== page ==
According to the Episcopal News Service, Presiding Bishop Curry told the Primates, “I stand before you as your brother. I stand before you as a descendant of African slaves, stolen from their native land, enslaved in a bitter bondage, and then even after emancipation, segregated and excluded in church and society. And this conjures that up again, and brings pain. The pain for many will be real. But God is greater than anything.”

He concluded, “I love Jesus and I love the church. I am a Christian in the Anglican way. And like you, as we have said in this meeting, I am committed to ‘walking together’ with you as fellow primates in the Anglican family.” (Read it all here).

While I believe it was not a great week for the Episcopal Church, the Anglican Communion or Christianity, I support our Presiding Bishop and commit myself to “walking together” with all others in the Anglican Communion even as I, and we as a church, continue to uphold the full dignity and place of our LGBT brothers and sisters in the life of the Church. So let us persist in love and “take the lower seat,” (Luke 14:12) “fixing our eyes on Jesus, the pioneer and the perfecter of our faith.” (Hebrews 12:2) Let us “pray without ceasing” (1 Thessalonians 5:17) and live into the servanthood to which Jesus calls us, partnering with those Anglicans around the world who recognize that “the eye cannot say to the hand, I have no need of you” (1 Corinthians 12:21). We all need one another.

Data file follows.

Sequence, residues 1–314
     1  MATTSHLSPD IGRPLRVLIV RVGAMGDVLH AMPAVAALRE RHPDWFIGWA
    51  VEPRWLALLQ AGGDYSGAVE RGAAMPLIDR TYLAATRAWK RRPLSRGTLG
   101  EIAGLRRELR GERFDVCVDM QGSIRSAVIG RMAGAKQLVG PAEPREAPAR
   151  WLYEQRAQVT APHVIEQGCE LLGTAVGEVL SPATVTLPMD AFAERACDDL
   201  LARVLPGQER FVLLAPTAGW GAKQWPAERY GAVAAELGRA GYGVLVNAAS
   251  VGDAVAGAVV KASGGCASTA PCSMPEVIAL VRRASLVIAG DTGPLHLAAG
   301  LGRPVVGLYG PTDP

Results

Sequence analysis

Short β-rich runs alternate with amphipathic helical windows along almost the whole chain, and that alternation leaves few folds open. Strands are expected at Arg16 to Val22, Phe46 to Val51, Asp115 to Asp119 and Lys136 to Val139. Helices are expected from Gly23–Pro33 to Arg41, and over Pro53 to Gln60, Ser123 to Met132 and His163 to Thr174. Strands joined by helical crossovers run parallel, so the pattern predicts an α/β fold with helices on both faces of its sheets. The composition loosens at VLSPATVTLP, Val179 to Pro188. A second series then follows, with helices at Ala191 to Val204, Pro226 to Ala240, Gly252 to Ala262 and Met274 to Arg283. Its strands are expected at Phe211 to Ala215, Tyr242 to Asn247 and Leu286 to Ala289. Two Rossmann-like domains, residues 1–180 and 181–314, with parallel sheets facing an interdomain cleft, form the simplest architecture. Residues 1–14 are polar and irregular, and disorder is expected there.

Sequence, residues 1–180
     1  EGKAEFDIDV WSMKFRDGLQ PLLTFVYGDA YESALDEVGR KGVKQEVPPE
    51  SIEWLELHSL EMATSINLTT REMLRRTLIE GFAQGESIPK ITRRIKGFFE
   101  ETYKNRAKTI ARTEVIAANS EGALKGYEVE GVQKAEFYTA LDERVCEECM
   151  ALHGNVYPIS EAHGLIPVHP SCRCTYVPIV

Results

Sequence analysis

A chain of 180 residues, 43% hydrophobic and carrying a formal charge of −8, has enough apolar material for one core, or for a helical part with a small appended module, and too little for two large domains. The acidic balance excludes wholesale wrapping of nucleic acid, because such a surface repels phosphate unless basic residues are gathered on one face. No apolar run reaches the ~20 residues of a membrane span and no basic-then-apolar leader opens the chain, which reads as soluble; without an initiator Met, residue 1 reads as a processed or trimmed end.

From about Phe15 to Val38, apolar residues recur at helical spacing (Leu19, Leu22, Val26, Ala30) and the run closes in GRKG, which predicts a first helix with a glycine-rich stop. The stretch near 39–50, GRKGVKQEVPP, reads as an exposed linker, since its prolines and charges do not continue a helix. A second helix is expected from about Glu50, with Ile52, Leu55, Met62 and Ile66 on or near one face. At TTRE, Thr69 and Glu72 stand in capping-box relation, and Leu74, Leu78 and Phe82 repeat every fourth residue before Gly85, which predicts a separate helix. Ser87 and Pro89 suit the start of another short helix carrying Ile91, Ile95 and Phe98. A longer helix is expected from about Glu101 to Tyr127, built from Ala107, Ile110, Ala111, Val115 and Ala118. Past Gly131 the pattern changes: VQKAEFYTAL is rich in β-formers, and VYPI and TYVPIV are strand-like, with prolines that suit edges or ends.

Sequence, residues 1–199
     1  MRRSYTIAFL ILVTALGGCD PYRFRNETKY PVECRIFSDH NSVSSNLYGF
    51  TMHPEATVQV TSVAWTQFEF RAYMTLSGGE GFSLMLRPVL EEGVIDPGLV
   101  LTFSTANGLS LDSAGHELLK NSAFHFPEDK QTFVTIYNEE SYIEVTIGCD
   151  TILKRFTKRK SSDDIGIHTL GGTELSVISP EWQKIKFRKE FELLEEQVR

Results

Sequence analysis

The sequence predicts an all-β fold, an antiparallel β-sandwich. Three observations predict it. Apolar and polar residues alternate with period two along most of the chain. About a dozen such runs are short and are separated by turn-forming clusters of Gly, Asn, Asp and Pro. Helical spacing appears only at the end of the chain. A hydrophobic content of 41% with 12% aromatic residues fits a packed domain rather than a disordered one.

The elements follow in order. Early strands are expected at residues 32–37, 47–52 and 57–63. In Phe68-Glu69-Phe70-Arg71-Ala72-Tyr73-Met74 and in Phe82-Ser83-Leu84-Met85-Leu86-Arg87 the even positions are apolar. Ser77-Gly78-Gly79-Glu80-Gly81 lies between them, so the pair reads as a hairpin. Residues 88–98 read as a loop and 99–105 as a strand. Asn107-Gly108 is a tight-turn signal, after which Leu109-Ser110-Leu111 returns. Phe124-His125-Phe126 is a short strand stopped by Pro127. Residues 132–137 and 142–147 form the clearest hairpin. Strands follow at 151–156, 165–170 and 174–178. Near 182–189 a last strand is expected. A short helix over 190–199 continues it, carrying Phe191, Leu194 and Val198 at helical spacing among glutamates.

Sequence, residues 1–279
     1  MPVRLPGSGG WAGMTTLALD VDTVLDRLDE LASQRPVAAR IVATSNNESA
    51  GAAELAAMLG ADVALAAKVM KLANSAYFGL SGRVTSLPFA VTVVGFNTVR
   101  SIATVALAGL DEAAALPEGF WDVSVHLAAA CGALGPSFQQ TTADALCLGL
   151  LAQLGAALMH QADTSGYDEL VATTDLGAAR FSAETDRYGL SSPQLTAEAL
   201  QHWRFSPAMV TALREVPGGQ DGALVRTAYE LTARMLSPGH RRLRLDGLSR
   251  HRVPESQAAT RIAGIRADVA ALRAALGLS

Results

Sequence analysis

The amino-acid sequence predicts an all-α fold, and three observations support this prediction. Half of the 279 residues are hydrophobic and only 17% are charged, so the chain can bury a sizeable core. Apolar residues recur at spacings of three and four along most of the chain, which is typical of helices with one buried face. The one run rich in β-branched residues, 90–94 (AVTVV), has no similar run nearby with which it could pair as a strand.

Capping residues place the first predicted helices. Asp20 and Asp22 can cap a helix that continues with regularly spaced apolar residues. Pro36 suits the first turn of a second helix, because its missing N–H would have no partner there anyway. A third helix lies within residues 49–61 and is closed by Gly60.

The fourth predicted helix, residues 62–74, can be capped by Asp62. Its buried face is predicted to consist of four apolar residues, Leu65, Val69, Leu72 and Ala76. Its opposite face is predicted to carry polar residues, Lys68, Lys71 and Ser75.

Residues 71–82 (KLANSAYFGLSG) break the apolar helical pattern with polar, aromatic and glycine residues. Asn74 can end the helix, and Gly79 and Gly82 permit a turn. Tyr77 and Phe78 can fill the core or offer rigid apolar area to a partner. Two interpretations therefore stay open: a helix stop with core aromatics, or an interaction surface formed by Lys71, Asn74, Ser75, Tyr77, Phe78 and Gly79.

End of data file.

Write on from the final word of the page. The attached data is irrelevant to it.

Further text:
In the end, more than formal structures, the Anglican Communion is a network of relationships. Even with the steps taken by the Primates, congregations and dioceses of The Episcopal Church will continue to have warm, transforming relationships with Anglicans in all parts of the world. We in the Diocese of New Jersey enjoy such relationships with our companion dioceses of Ecuador Central and Ecuador Littoral and, through our missionary Charlie Nakash, with the Diocese of the Dominican Republic. These relationships bless us all. 

The Right Reverend William H. (Chip) Stokes, D.D.
XII Bishop of New Jersey


  1. Sheila Rice says:

    Dear Bishop Stokes,
    As a former member of Christ Church, Palmyra, and a current member of All Saints, Morristoen, TN, your message brings great comfort. Thank you.